Microsoft kicks off ISV road show

Microsoft will lug out the marketing drum for its next generation of products later this month when it kicks off its Worldwide ISV Road Show that will travel to 11 cities in nine countries.

The Road Show, which kicks off April 22 and ends May 26, is expected to lay out for developers the best ways to address some of the business problems now facing corporate users through a combination of existing and future products, including Longhorn, Whidbey, and Yukon.

"We are going to focus on the bigger challenges facing them in an increasingly connected world, along with the idea that they don't have to force users to rip stuff out today but rather connect into infrastructures that are already there to preserve their investments," said Adam Sohn, product manager in Microsoft's Platform Strategy and Partner Group.

The company will also be highlighting how ISVs can change their businesses so they can evolve and extend into new markets, thereby gathering new revenue streams, according to Sohn.

The Worldwide ISV Road Show is expected to detail how the Microsoft's flagship platforms help ISVs overcome these challenges through what Sohn referred to as the five "P's," including the Pipeline of Platform Innovation. This refers to developers being able to tap into today's platform as well as future products such as SQL Server 2005, Visual Studio 2005, "Whitehorse", the Dynamic Systems Initiative, and Longhorn.

"This pipeline begins with work they do today but draws them forward over the next couple of years to ensure they don't have to throw away investments they make today," Sohn said. "We want to give them a good road map that carries them through the Whidbey, Yukon, and Longhorn waves and even beyond that," he said.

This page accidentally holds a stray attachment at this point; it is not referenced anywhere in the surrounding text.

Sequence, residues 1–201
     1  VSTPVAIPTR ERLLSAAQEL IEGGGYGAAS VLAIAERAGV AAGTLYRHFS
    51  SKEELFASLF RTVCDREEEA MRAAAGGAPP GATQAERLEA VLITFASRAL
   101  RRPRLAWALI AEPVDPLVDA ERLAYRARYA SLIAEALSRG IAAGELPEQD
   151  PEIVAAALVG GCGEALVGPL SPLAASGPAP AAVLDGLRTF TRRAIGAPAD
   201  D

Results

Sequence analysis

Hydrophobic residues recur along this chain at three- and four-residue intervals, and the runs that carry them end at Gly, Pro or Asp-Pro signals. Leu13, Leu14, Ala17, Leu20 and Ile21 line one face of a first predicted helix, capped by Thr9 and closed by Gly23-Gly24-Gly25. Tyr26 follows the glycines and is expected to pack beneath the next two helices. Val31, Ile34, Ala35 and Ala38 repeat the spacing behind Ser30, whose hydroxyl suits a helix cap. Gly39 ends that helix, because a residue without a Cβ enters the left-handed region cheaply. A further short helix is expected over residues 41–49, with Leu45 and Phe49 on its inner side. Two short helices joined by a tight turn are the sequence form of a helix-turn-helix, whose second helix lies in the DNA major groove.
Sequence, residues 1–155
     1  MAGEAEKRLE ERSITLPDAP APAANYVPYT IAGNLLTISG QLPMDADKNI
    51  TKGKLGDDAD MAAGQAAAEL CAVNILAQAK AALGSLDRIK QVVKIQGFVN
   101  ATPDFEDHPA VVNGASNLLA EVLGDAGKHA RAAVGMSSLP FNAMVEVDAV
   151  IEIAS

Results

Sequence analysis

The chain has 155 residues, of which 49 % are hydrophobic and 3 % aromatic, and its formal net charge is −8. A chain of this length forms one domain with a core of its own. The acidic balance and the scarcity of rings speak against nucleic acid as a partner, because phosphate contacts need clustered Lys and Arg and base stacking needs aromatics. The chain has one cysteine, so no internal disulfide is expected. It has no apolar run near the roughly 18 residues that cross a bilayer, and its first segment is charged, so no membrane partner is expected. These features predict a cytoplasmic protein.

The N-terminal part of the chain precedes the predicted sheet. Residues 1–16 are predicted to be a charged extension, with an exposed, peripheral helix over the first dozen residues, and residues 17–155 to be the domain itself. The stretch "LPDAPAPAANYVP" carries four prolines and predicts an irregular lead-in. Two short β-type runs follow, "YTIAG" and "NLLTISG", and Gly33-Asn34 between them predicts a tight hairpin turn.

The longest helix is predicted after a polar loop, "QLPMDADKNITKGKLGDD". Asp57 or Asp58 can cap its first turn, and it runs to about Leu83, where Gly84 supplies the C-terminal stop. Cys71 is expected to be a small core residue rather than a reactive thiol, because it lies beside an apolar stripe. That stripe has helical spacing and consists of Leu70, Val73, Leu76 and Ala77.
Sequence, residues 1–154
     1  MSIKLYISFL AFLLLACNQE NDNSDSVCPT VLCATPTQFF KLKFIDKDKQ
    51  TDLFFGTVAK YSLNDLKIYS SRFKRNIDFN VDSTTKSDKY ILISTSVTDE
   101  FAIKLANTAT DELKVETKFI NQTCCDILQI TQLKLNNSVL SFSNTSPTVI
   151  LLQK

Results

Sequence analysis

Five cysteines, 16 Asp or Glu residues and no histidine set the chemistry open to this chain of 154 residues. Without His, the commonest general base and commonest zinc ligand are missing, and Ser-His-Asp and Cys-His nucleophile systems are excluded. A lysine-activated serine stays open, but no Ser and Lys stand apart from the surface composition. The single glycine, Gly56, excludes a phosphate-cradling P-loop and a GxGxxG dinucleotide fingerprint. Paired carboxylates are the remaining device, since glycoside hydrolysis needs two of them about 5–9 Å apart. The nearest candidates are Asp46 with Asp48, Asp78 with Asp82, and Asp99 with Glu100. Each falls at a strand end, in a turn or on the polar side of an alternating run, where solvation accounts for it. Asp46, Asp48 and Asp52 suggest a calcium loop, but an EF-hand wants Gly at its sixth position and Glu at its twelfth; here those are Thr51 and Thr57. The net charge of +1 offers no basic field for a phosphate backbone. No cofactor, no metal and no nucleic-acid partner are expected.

Cities the Road Show will tour include Sydney, Beijing, Bangalore, Singapore, Munich, Paris, London, Milan, Tilburg/Netherlands, Boston, and San Francisco.

Microsoft officials will be ready to answer technical questions posed by developers regarding last week's milestone agreement between Microsoft and Sun Microsystems that figures to build technology bridges between the flagship products of the two formerly warring parties.

"We will help assure them this deal will increase interoperability, which will be better for everyone, and that putting these legal issues behind us will be very beneficial to ISVs," Sohn said. "The prospect of much deeper collaboration between the two companies can only help ISVs," he said.

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Ed Scannell

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